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Hunting at Castalian Springs

by: Donnie Vaughn

This month we are going up to Castalian Springs, Tennessee in Sumner County and I'm going to tell you how research, persistence, luck and a piece of glass lead us to Col. Harlan's elusive camp.

While doing some research and digging on the battlefield at Hartsville, I kept coming across several references to a Union camp down at Castalian Springs, 9 miles distant, and I set out to find this camp. I knew the area in and around Castalian Springs pretty good, having previously deer hunted for several years up there and I had also dug a few house sites around the area so I knew a lot of landowners. I thought finding a camp up there would be easy - boy was I wrong.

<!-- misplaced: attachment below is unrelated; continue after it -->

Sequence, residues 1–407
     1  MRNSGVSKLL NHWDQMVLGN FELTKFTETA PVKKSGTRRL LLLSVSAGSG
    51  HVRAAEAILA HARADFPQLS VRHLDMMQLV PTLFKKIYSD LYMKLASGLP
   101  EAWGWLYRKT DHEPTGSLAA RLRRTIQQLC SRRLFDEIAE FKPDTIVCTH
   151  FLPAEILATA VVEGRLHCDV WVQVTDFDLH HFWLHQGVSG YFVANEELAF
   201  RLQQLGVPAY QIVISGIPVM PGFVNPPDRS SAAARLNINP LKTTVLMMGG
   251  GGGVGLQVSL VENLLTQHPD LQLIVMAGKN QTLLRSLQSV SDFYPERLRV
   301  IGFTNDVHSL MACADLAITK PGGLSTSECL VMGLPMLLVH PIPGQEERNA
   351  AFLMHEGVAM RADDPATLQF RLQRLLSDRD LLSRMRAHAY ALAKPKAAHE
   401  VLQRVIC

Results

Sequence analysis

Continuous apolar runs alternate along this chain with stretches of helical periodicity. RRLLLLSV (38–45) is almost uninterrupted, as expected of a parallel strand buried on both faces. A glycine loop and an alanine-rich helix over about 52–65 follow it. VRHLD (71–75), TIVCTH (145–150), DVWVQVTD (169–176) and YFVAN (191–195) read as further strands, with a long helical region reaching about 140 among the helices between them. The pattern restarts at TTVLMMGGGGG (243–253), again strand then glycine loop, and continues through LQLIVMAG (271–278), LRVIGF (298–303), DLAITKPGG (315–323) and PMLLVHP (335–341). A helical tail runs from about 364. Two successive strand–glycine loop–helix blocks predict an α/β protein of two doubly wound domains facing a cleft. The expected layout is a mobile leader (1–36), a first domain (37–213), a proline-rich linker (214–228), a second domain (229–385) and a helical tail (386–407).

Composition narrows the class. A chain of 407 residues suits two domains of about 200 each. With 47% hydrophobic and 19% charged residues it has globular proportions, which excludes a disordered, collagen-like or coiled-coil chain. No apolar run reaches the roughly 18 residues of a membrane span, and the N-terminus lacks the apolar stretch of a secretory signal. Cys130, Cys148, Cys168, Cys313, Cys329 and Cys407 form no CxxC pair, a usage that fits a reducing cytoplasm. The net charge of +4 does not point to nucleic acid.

The camp was well documented but I could not find that one note or mention as to exactly where to start. The Castalian Springs area is quite large roughly running from Bledsoe Creek to Highway 231 east and west from the east fork of Bledsoe Creek all the way to the Cumberland River from north to south. So you can see that it is a vast area of several square miles. But I figured the camp was in close proximity to the Gallatin - Hartsville Pike, so I decided this would be my starting point-somewhere near the Pike. The first few trips up there produced nothing and I talked to several different landowners about the camp, but nobody had plowed up anything or knew of the camp's where about's. More research was needed. Finally, I came across a note where, after the Civil War, Mr. Alfred Wynne had filed a claim against the U.S. Government, because the Union soldiers had damaged hid farm (burned fence post, etc.) During their occupation. Now I had a starting point as the old Wynne farm was a well documented location, so I concluded that if the union soldiers camped on the old Wynne Farm, then they would be south of the Old Hartsville Pike, as most of his farm covered the south side of the pike during the Civil War. I then checked with some of the other diggers and they too had looked for this camp, but had not had any luck. I didn't want to spend a lot of time looking for a camp that had already been found. When I thought, I had the right area "zeroed" in, I ask Ernie Bateman, an old digging friend of mine, to help locate this elusive camp. So our adventure would begin.